Menswear retailer Trinity ‘turns a corner’

While premium menswear retailer Trinity saw sales slide last year, CEO Jeremy Hobbins says there are signs the group has “turned a corner”.

Describing its figures as “less positive than I would like”, he says that in the second half of last year retail sales were up 1.4 per cent from the second half of the previous year, with this
improvement continuing “with momentum” into this year’s first quarter.

Revenues in Trinity’s most important market, Mainland China, were on a par with 2016, while sales dropped in Hong Kong, Macau and Taiwan. Hong Kong was particularly challenging because of changes in visitor demographics and consumer purchasing patterns.

“Men’s fashion is in transition and moving toward more casual styles, and Trinity’s heritage brands are all responding to this trend in their own distinct ways,” says Hobbins.

Trinity’s revenue shrank by 4.3 per cent to HK$1.7 billion (US$216 million). Excluding foreign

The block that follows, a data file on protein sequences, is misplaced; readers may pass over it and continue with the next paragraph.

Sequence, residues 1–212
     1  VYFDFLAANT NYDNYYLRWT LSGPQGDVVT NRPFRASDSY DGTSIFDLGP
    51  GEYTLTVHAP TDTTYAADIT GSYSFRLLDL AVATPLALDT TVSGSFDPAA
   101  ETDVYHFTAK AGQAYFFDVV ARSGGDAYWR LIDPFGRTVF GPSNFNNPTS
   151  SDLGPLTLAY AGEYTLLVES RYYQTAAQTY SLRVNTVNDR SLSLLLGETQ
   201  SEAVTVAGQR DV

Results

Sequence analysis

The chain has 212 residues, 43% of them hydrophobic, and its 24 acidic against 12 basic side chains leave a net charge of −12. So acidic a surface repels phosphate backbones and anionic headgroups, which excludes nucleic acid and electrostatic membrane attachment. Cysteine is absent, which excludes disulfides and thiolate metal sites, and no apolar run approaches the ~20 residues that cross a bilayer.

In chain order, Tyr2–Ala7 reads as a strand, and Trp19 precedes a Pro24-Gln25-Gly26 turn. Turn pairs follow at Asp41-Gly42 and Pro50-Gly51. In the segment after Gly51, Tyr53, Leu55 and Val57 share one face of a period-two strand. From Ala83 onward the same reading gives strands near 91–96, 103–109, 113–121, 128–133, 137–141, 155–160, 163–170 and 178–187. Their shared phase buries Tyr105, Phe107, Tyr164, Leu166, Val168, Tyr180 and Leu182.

exchange differences, retail revenue eased by a marginal 0.3 per cent.

Overall, the group incurred a loss of $608.3 million. Gross profit was $1.1 billion, compared with $1.21 billion in the same period 12 months earlier.

In November, the Trinity board received an approach from textile manufacturer Shandong Ruyi International Fashion Industry Investment Holding to subscribe to new shares it was issuing.

“The board believes this is a major opportunity for Trinity. Ruyi has significant strength in the ready-to-wear fashion industry and its brands include Sandro, Maje and Claudie Pierlot, together with British heritage brand Aquascutum,” says Hobbins.

Ruyi owns Renown Incorporated in Japan, from which Trinity has licensed D’Urban for many years. The company is also one of China’s largest textile producers.

Trinity chairman Dr Victor Fung Kwok King says he is certain the relationship with Ruyi will be fruitful. “This will create opportunities for Trinity to expand its brands into different categories and geographies, as well as benefit from Ruyi’s knowledge of the China market and its global textile, distribution and sales network.”

Trinity manages three other international menswear brands apart from D’Urban, namely Cerruti 1881, Gieves & Hawkes and Kent & Curwen.

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